An 80-year-old woman who was trapped in her home is the third fatality from historic floods overwhelming parts of the Midwest.
At least 16 rivers are flooding, with the worst along the Nebraska and Iowa border.
One reason the flooding is so severe is because of the region’s massive snow accumulations and sudden rise in temperatures.
The dangerous flooding, caused by snow melt, ice jams and last week’s rainfall, washed away roads and bridges, isolating some communities.
Sen. Sasse, Sen. Gragert, and I visited Niobrara for their community meeting today over the noon hour at the fire hall. There is unbelievable devastation that has wiped out everything from the Highway 12 bridge to the cafe. But their community spirit remains strong. pic.twitter.com/PXSZwZLFIb
— Gov. Pete Ricketts (@GovRicketts) March 16, 2019
A Nebraska man died when he drove around a barricade and was swept away in his vehicle, The Associated Press reported.
A Nebraska farmer died when he was trying to reach stranded drivers and a bridge collapsed, the AP said.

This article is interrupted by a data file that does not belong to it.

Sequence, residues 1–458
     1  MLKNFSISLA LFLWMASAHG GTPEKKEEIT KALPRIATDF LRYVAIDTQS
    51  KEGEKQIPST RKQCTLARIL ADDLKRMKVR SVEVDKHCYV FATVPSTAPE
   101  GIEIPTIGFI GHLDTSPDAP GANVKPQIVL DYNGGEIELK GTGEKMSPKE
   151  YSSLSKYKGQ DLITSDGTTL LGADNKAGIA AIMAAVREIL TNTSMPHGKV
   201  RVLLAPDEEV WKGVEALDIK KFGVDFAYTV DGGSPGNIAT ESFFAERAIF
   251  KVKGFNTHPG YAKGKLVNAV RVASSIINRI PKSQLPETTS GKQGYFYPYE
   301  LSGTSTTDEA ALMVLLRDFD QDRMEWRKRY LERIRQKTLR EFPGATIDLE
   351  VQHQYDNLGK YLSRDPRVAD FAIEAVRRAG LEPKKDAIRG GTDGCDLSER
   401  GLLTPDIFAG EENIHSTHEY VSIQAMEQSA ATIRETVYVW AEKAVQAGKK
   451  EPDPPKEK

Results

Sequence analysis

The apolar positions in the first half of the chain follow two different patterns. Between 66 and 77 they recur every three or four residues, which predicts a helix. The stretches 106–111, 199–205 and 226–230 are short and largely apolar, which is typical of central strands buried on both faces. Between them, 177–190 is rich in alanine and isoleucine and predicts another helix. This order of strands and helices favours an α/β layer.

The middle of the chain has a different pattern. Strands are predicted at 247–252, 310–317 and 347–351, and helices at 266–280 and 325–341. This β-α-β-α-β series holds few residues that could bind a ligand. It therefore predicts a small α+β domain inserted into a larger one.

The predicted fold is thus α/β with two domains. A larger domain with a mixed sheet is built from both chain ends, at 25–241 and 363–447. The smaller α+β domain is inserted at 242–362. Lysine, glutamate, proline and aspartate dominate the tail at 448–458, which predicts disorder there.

The body of 80-year-old Betty Hamernik was found in her home in rural Columbus, Nebraska, according to the Platte County Sheriff’s Office.
Over 100 people have been rescued and more than 870 are staying in shelters, according to officials with Nebraska’s Office of Emergency Management.
Some of the worst flooding is receding Monday, but other areas, especially from Nebraska City, Nebraska, to St. Joseph, Missouri, will see river flooding continue this week.
One third of the structures at Nebraska’s Offutt Air Force Base are underwater, a spokesperson told ABC News Monday.
In a bit of good news, the Platte and Elkhorn rivers near Omaha were quickly receding Monday morning. Both of those rivers had crested this weekend, breaking records from the 1960s.
River flooding is also ongoing in other parts of the Midwest.
In Joslin, Illinois, near Quad Cities, the Rock River is cresting below a record but will remain in the major flood stage for much of this week.